THOMAS A. FUMARELLI, APPELLANT, v. MARSAM DEVELOPMENT, INC., RESPONDENT.
92 N.Y.2d 298, 703 N.E.2d 251, 680 N.Y.S.2d 440 (1998).
2 No. 132
October 20, 1998
Summary by the LII Editorial Board]
[98 NY Int. 0118]
This opinion is uncorrected and subject to revision before publication in the New York Reports.
Laura S. Kirsch, for appellant.
Mark D. Ginsburg, for respondent.
New York State Builders Association, Inc., amicus
This litigation and appeal frame the issue whether the statutory housing merchant implied warranty, found in General Business Law article 36 B, is a full substitute for the antecedent common law housing merchant implied warranty,recognized in Caceci v Di Canio Constr. Corp. (72 NY2d 52, 56). We hold that the statute eclipses the case.
In 1991, plaintiff Fumarelli bought a new luxury condominium from defendant Marsam Development, Inc. The purchase agreement contained this all encompassing provision:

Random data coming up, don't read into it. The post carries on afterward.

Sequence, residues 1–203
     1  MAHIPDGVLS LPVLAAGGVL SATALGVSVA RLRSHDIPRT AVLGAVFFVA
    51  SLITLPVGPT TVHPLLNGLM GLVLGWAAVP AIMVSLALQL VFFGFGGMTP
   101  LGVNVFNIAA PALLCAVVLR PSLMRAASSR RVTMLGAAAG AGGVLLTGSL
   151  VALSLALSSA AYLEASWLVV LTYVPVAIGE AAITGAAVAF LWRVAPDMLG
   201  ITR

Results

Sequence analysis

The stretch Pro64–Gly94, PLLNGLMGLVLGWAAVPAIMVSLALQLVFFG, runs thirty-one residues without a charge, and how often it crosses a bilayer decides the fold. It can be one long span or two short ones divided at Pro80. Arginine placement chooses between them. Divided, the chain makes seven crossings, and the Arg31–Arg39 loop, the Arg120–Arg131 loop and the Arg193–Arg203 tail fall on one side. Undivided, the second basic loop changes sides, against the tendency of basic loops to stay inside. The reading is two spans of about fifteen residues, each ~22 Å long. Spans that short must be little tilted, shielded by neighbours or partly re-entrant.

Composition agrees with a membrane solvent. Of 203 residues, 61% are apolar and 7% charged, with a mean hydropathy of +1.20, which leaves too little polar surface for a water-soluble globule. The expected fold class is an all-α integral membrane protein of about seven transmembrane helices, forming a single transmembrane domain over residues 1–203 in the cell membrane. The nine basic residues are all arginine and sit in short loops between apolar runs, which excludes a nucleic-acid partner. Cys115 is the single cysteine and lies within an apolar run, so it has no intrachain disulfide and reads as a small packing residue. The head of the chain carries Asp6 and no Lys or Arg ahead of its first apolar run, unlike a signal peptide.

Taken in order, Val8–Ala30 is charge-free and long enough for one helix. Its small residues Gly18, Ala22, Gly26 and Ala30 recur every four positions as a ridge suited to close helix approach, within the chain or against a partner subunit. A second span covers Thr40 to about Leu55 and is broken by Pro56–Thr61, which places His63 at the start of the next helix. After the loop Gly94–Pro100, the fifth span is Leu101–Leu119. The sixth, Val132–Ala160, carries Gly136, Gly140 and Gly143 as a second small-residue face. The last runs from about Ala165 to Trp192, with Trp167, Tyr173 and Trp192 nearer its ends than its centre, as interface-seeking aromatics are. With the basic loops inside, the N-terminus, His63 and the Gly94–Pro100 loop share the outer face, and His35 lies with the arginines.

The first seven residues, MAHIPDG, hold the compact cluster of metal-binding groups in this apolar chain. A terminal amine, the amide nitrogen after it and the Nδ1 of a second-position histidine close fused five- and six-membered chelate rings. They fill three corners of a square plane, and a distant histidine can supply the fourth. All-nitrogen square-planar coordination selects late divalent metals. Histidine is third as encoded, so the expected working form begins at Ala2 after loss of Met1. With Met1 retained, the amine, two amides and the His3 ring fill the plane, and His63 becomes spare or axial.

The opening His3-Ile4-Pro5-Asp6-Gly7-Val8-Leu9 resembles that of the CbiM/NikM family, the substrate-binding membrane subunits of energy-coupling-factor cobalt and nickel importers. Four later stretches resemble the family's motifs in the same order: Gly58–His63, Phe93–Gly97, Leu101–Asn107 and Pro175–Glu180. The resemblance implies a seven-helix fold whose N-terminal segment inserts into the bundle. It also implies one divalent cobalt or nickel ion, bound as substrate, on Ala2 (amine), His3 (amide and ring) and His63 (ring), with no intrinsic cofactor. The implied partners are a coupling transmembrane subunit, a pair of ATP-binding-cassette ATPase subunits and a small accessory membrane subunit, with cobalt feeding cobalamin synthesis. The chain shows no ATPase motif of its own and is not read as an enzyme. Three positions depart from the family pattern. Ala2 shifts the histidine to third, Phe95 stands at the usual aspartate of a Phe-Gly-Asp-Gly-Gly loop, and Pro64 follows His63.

"THE SPONSOR MAKES NO HOUSING MERCHANT IMPLIED WARRANTY OR ANY OTHER WARRANTIES, EXPRESS OR IMPLIED, IN CONNECTION WITH THIS PURCHASE AGREEMENT OR THE UNIT, AND ALL SUCH WARRANTIES ARE EXCLUDED, EXCEPT AS PROVIDED IN THE LIMITED WARRANTY ANNEXED TO THIS PURCHASE AGREEMENT. THE EXPRESS TERMS OF THE ANNEXED LIMITED WARRANTY ARE HEREBY INCORPORATED IN AND MADE A PART OF THIS PURCHASE AGREEMENT; THEY SHALL SURVIVE THE CLOSING OF TITLE; AND THERE ARE NO OTHER WARRANTIES WHICH EXTEND BEYOND THE FACE THEREOF."
The referenced "limited warranty" was also separately included in the agreement in "plain English," with extensive specificity ( see, General Business Law § 777 b). The limited warranty provision "modifie[d] the housing merchant implied warranty under Article 36 B of the New York State General Business [Law] to the extent that the provisions [it] contained * * * [we]re inconsistent with or contradict[ed] the provisions of Article 36 B, and exclude[d] all other warranties both express and implied."
In October 1992, over a year after the closing and transfer of title, plaintiff discovered a flaw in the sprinkler system master pump. He subsequently discovered other problems in a bathroom drain, a hand rail, and a plumbing fixture. In February 1993, a sprinkler head burst, causing extensive damage. Plaintiff ordered repairs to be done at his own expense. Then, he notified the defendant seller of the defects, and demanded reimbursement for the damages and cost of the repairs. When Marsam Development refused to pay, Fumarelli sued.